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The politics surrounding economic policy reforms have majorly affected the distribution of wealth in many of the developing countries. This phenomenon applies more in domestic politics but also in international politics. For instance, the one of the economic policy reform that was formulated to assist developing nations is the regulation of trade policy. According to Rodric (2006) one of the changes introduced in this policy was changing it from protection to openness. Such form of shift and its reverse was associated with many changes in the world of trade. It therefore resulted to the distribution of gains and losses across sectors of the economy, classes of people and across different ethnic communities. The trade shift resulted to the disruption of the economies of the developing countries which are characterized with internal conflicts, corrupt political leaders and large disparities in wealth distribution. As a result, in form of liberalization or even trade takes place in a place that is polluted with bad politics. There are specific factors that determine the nature of trade policy reforms in especially in respect to liberalization. Such factors are responsible of the rate at which developing countries overcome their debts.
Factors that determine the trade policy reforms
- Country size
Small countries are likely to respond to liberalization faster that bigger countries. An example of such countries is Sri Lanka which was the first country to be liberalized in Asia before the ethnic conflicts had affected it. Some of the African countries which stood out the ethnic conflicts were: Mauritius and Botswana. According to Tommasi & Velasco (2006) the economic and political reforms of a small country are considered to be easier than large countries because these countries do not depend on the world economy. As a result, the interests of the countries are considered to be in-looking and protectionist inclined. Reforms in large countries are had to be instituted due to nature of the land size and when instituted, they are done sluggishly. However, China is an exemption in this category because it is the most populated country in the world yet it has the highest record of economic performance among the world’s large countries. Other large countries like Brazil, South Africa, Russia, Egypt, and India have low economic reforms when compared with small countries that are in or close to their regions.
According to Robinson (2008) large developing countries have policies that fail to bear in mind the interests of the people who live in marginalized areas of the respective countries. This problem is very common in Africa where the marginalized communities are very few and therefore lack the power to vote the leaders to represent them in the government. The marginalized communities live in areas which are endowed with resources like rich agricultural land and minerals. Such areas can be very productive if they are exploited well or provided with water for the case of agricultural land. However, due to poor politics and weak economic policies, such areas remain under-developed since they people are not well represented in the government. On the contrary, the community that has the majority people benefits more from government resources since such a community is able to elect its people to represent them. The end effect of political move is that the marginalized communities remain poor and depend on the large communities for help. This leads to such a country having a low gross domestic product. Such a country cannot be able to clear its outstanding debts since most of its resources are allocated to assisting its poor people.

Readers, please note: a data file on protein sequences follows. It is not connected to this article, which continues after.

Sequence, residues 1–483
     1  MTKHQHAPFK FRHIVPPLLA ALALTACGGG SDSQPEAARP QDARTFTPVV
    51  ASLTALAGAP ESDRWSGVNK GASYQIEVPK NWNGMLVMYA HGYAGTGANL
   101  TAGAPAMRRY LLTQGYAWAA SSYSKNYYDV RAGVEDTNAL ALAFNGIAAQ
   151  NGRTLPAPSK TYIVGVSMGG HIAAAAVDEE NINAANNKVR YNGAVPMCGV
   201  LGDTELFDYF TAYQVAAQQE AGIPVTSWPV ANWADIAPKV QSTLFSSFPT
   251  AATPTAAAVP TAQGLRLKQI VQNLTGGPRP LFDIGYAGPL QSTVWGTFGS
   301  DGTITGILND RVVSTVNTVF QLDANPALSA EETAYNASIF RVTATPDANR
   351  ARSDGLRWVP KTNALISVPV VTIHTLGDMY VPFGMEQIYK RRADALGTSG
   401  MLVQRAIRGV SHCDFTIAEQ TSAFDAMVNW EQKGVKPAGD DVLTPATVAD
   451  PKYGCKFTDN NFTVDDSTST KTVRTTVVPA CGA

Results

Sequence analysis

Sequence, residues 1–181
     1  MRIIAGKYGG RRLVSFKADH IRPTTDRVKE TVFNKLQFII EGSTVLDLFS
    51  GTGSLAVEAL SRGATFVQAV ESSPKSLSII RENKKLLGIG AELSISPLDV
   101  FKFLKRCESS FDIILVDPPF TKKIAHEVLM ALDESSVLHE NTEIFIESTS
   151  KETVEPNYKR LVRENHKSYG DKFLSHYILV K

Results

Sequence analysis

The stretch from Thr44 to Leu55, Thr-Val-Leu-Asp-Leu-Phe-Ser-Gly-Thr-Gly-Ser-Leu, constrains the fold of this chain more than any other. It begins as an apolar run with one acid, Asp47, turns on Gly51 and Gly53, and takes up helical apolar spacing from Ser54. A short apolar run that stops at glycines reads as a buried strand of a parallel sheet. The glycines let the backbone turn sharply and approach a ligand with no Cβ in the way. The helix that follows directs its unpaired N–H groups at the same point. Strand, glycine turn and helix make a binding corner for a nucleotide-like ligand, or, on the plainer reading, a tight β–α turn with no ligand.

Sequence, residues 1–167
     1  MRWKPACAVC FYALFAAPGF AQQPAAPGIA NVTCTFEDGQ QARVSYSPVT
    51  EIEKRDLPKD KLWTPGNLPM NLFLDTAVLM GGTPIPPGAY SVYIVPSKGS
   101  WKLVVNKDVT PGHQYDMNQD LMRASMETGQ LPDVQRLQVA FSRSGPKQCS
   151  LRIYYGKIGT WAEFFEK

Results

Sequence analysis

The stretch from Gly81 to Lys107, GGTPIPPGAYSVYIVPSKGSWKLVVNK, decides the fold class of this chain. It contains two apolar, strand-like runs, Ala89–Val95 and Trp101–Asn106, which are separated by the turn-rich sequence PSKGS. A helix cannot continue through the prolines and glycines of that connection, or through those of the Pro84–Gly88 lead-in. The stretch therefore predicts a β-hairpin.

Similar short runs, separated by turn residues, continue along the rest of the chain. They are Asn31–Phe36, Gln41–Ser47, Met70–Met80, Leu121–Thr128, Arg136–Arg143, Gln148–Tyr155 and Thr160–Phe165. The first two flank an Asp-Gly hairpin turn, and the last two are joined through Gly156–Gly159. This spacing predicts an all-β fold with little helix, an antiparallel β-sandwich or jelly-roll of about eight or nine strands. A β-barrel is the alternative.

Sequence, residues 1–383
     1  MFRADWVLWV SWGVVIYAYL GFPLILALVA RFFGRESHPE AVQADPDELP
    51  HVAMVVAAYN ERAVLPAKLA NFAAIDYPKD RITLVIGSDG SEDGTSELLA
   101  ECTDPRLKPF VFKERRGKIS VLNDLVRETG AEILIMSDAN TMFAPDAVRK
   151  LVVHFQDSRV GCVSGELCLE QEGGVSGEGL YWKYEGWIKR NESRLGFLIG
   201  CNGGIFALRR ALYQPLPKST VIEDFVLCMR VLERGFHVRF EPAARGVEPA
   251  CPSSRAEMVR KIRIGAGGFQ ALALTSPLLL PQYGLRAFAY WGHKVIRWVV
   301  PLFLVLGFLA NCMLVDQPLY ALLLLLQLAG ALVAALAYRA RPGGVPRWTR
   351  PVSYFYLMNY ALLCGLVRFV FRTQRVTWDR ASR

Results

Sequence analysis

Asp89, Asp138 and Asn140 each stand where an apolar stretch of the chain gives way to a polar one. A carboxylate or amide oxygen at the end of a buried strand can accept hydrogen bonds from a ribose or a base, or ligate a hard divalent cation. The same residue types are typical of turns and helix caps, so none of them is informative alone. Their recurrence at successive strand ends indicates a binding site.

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Institutions are the governing bodies that are responsible of formulating formal and informal rules. The different forms of rules considered in the case of economic reforms are those that deal with: corporate governance, financial market regulation and competition. According to Wood (2007) there are also informal laws which deal with norms and traditions that influence the world of business and the government too. Institutions and policies are interconnected in that it is not possible to have good institutions if the policies are not good. Institutions are responsible of governing the trade policies in both developing and developed nations. The policies in the developed world have made such countries to be more liberalized and have made them to join the globalised world easier than the developing nations. Such nations have reduced trade and Foreign Direct Investment barriers (FDI), and their trading sectors perform better as compared to the developing nations. In addition, the judiciary, the public administration sectors perform fairly well due to reduced levels of corruption.